That being said, the paper check is archaic, the wire is often expensive, so ACH can be a good tool if used properly.

Topic Expert
Keith Perry
Title: Director of Global Accounting
Company: Agrinos, Inc.
(Director of Global Accounting, Agrinos, Inc.) |


Can you share with us your bank that carries ACH Monitor?



Topic Expert
Wayne Spivak
Title: President & CFO
LinkedIn Profile
(President & CFO, |

Given that almost all of us agree that checks are so passe, why do we permit the banks to charge many times outrageous amounts for wires/ACH?

Their actual costs are minimal, since no human touches the the wire (especially if one uses on-line systems to initiate the wire/ACH.

As it has been said, we are the only country still reliant on the paper check. In fact, if you wish to punish a European supplier, send them a check and watch them scramble.

We use SWIFT, ABA and account numbers. Europe uses an IBAN which, while long (nothing beats the length of a Russian account number) there is no scramble to find the ABA or SWIFT code.

We are sometimes the most anti-progressive country on this planet.

Roxanne Orticke
Title: Senior Director of Finance
Company: NACHA
(Senior Director of Finance, NACHA) |

Double check the fee structure of ACH vs Wire....
ACH is multiples-lower than wire. Banks typically charge less than $1 for ACH, where wires are expensive.
Also look in to IAT instead of international Wire.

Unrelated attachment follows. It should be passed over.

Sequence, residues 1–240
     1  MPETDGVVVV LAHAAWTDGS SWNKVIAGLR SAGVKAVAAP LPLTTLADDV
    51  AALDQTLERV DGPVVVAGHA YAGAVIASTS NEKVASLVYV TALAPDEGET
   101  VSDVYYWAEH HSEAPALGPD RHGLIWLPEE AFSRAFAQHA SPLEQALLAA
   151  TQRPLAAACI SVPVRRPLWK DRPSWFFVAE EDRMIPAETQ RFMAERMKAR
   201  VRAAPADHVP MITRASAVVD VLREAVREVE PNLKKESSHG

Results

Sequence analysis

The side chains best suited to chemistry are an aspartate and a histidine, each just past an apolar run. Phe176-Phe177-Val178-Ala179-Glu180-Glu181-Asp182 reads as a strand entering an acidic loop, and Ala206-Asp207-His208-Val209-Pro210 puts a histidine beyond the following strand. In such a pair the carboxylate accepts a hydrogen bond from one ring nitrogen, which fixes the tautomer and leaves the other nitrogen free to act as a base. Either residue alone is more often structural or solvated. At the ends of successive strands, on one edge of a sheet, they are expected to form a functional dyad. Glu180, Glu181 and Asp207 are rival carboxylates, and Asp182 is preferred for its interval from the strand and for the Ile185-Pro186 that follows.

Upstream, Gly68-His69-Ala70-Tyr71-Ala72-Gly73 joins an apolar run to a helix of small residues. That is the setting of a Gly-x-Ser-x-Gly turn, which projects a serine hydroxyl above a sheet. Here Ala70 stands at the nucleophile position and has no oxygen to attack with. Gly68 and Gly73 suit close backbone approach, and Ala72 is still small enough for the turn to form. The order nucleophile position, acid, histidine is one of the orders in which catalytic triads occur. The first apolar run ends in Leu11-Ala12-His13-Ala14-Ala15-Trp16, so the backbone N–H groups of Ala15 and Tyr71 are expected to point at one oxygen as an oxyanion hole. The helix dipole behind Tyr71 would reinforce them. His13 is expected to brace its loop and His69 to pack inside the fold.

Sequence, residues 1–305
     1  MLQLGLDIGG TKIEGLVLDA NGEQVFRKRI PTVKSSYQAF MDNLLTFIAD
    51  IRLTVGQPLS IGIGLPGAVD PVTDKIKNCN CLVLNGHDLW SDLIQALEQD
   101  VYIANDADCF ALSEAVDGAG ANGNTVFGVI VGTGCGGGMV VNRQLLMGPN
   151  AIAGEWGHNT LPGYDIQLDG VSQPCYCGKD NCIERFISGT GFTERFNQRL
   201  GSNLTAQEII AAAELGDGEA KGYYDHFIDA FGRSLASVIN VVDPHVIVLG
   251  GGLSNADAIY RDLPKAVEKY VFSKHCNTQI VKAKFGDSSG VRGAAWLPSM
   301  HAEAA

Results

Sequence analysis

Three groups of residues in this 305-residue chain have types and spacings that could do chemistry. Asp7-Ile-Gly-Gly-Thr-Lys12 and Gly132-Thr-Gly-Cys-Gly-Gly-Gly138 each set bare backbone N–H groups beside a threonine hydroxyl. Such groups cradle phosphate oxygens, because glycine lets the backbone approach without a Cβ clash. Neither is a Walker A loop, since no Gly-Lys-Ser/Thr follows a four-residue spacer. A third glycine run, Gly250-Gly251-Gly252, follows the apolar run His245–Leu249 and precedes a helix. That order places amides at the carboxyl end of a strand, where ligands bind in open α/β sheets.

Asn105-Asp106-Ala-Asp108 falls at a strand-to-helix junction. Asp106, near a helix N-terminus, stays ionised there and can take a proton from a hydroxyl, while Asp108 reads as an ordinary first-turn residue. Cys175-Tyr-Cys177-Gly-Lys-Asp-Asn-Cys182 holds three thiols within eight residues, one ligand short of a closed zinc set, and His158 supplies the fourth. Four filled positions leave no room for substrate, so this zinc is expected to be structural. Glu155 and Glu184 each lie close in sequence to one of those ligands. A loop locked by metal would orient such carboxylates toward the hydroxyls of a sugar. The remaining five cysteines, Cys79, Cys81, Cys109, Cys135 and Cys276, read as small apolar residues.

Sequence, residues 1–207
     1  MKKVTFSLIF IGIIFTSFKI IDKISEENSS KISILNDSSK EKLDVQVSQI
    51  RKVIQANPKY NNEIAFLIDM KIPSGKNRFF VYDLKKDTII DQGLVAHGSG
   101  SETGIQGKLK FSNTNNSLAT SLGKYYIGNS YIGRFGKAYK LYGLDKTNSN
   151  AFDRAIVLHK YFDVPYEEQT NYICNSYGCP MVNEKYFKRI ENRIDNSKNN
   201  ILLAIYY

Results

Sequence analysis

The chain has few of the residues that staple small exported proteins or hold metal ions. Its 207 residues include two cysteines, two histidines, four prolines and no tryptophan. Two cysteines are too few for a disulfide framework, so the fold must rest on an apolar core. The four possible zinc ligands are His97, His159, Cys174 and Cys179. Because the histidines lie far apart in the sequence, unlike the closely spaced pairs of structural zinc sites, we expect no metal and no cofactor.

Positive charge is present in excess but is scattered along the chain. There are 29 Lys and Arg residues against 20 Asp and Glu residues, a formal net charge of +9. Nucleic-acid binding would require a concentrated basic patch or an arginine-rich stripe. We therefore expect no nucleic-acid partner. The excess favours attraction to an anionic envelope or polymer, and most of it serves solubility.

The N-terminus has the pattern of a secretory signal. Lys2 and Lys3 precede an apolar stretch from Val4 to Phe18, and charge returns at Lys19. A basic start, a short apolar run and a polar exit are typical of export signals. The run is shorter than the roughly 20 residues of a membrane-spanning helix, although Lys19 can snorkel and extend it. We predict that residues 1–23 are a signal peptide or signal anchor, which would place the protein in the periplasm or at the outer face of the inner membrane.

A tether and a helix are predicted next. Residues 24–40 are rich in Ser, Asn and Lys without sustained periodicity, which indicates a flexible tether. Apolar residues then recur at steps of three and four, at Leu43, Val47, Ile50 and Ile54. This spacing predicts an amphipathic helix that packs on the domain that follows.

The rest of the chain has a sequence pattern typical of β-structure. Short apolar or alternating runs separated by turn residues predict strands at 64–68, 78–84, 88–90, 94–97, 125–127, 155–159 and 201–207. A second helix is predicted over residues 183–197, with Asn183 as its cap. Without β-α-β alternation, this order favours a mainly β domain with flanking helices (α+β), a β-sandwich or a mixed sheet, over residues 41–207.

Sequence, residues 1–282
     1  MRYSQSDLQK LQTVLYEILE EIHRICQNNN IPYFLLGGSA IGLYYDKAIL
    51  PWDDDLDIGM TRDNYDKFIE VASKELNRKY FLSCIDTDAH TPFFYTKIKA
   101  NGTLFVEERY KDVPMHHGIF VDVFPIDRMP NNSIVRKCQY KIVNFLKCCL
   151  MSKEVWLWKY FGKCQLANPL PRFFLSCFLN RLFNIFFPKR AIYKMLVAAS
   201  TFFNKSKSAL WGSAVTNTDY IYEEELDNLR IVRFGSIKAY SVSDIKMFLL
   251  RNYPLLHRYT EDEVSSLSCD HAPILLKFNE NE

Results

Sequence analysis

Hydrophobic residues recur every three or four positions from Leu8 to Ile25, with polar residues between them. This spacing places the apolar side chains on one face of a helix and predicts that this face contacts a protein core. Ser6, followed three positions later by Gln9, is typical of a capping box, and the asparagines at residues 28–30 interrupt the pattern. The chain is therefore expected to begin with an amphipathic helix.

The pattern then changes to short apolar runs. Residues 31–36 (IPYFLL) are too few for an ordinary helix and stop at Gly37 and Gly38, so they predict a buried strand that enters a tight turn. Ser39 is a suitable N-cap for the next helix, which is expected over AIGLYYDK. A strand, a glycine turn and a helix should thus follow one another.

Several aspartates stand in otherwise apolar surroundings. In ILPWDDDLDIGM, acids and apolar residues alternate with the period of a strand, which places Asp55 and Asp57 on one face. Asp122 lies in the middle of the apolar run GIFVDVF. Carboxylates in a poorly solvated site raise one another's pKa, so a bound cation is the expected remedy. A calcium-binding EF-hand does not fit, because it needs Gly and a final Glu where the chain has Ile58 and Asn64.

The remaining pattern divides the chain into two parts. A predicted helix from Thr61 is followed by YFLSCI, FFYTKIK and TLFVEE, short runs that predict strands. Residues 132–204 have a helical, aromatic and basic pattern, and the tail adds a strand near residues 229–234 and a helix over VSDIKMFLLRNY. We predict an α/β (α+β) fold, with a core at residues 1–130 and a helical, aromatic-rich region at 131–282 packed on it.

Roxanne Orticke
Title: Senior Director of Finance
Company: NACHA
(Senior Director of Finance, NACHA) |

Debit Blocks and UPIC Accounts (masked accounts) are the best route to protecting your commercial accounts against fraudulent activity.
NACHA has guidelines on setting up transmissions, and mitigating risks from not only the bank, but the corporate user.
From a liquidity stand-point, getting your vendors to sign an ACH CREDIT AUTHORIZATION FORM, which then allows you to "push" payment is the best way to control your liquidity and payment terms. Suggesting you'll pay your vendors via "direct deposit" is sometimes a good carrot to allow the change. Other larger vendors want their money upfront, and rather pull than allow a push. Those vendors may still receive a check then.

Topic Expert
Wayne Spivak
Title: President & CFO
LinkedIn Profile
(President & CFO, |


While I agree that the fee structure is much lower for ACH, it requires the corporate user most times to use a more expensive "platform" to gain access to a web-based ACH/Wire system.